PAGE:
Time is up for Ukraine’s President to convince society, politicians, and Western partners that he’s prepared to fight corruption. Every day of delay proves the opposite. By not interfering, Poroshenko only proves that he is the main beneficiary of the status quo, activist MP Sergii Leshchenko [left, a former Reagan-Fascell fellow at the National Endowment for Democracy],writes for The Atlantic Council
Withholding aid while empowering civil society sends a message to Poroshenko, Ukraine, and the world: we are committed to the country’s people, not to the political fortunes of its leaders, analyst Josh Cohen writes for Foreign Policy’s Democracy Lab
Ukraine’s vibrant civil society is the country’s greatest asset in the war on corruption. The country’s myriad non-profit organizations, volunteer initiatives, and civic movements brought the people onto the streets to take down the old regime. They resisted Russian aggression when the army was unable to do so. Now, they are Ukraine’s best hope of ensuring that the new government honors the sacrifices of the revolution by making good on promises of reform. Enabling them to put yet greater and more effective pressure on politicians is one of the best things the West can now do for Ukraine.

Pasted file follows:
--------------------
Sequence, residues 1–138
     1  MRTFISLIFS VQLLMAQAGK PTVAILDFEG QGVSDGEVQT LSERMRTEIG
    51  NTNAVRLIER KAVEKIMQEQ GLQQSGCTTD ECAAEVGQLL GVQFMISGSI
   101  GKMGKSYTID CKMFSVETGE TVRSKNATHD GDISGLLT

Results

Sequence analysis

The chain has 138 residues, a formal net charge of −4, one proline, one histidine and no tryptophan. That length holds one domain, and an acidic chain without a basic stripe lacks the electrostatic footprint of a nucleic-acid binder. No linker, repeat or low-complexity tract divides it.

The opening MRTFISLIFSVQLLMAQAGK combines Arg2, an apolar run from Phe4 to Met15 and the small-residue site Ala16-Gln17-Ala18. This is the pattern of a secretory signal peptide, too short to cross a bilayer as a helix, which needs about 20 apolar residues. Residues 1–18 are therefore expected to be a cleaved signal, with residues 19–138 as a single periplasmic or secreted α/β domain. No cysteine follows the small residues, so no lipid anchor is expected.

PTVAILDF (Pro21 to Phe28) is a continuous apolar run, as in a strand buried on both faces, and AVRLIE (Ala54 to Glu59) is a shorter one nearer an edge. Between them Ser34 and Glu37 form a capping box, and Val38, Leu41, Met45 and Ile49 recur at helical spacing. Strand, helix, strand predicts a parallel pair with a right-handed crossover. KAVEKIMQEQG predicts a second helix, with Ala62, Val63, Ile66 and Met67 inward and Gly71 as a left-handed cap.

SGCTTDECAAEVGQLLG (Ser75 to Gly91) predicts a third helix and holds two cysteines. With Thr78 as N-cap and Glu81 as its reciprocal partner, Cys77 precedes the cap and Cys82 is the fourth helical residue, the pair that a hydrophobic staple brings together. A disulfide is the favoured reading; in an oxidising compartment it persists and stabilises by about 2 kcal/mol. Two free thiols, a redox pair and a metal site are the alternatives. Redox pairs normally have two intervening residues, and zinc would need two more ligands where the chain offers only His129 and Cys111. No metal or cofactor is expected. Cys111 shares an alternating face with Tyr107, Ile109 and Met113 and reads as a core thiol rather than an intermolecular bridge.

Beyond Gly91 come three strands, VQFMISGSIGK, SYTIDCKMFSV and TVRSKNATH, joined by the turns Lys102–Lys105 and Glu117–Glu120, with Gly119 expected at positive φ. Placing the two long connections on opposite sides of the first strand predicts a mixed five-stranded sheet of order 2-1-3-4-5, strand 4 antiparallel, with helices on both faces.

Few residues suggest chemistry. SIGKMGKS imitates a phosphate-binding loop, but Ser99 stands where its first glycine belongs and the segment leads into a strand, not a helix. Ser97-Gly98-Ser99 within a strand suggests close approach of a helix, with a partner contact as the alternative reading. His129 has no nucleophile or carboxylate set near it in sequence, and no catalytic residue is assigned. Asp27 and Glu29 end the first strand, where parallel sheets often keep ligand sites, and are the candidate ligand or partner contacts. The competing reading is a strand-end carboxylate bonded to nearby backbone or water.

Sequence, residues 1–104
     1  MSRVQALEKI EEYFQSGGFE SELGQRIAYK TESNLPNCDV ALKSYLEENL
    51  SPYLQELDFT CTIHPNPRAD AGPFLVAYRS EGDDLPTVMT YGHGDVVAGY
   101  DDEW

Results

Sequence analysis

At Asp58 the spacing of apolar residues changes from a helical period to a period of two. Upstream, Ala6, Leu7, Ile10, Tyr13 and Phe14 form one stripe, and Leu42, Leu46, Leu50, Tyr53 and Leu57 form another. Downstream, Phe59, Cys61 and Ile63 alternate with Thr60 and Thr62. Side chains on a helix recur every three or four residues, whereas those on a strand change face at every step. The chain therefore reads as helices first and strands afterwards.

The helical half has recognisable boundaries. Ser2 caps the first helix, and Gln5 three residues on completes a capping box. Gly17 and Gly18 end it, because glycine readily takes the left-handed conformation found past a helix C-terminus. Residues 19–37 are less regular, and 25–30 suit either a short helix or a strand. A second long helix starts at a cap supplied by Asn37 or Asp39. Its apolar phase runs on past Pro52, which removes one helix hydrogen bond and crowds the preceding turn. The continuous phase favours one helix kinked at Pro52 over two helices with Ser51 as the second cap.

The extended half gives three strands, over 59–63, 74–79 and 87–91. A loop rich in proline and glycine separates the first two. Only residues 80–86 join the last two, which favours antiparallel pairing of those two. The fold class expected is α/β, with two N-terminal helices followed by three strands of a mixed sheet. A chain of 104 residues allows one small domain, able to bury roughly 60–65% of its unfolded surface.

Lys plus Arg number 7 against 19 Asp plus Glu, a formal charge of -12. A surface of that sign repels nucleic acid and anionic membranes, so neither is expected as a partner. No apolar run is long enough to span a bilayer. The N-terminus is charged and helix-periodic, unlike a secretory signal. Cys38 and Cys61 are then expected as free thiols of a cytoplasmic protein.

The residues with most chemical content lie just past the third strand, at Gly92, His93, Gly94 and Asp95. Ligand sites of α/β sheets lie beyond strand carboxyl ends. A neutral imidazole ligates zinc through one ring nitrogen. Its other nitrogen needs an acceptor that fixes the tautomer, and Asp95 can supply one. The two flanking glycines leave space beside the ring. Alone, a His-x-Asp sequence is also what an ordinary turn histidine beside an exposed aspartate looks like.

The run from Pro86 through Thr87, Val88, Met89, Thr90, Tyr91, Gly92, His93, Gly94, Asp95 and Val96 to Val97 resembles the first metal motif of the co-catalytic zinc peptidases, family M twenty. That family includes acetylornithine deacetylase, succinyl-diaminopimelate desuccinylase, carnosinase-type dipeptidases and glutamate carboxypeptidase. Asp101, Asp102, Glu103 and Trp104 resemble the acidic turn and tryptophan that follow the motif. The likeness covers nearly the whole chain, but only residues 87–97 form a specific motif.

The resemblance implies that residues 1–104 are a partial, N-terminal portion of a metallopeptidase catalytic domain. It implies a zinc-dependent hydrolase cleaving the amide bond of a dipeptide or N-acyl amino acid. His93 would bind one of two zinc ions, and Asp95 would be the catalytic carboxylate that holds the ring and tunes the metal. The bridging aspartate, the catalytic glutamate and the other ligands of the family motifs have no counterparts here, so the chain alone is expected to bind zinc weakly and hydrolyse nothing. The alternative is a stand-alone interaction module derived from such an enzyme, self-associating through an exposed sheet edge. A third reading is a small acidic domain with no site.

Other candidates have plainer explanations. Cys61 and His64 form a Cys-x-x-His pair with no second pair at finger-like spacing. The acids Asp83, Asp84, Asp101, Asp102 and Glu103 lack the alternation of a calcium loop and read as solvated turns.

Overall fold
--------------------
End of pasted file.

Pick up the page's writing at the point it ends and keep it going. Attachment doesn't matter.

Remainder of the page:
But there are at least four reasons to think that the new government team may enjoy some success with reform, says The Atlantic Council’s John Herbst:
First, in the weeks-long discussion of the new Prime Minister, Volodymyr Groisman, skeptics painted him as simply a functionary of the President, a misleading caricature. As a young mayor in Vinnytsia, he built a strong reputation as a reformer. …. He has also reassured a number of reformers in the Rada and civil society of his intention to proceed with reform. Importantly, he will not follow the bad advice of some critics of the outgoing government and seek to renegotiate the IMF agreement.
Another factor in Groisman’s favor is his standing in the Rada. As speaker he established cordial relations across the parliament and should prove a more persuasive advocate than his predecessor for reform legislation. The fact that several new ministers are also fresh from the Rada may have the same effect—if they are committed to reform.
A third reason for guarded optimism is Yatsenyuk himself. He remains a critical figure in Ukrainian politics and has let it be known that he intends to support the reform program of the new government. He wants to ensure that the reforms that began on his watch are brought to fruition. ….
The final reason for cautious optimism is the role the West and the IMF play in Ukraine. Given the legacy of the Soviet Union and twenty-five years of misrule in independent Ukraine, reform after the Euromaidan was destined to be an ugly spectacle, requiring an alliance of civil society, the young reformers to take important but second-tier positions in the Rada and the government, and the West to encourage reform at the top levels of Ukraine’s government. …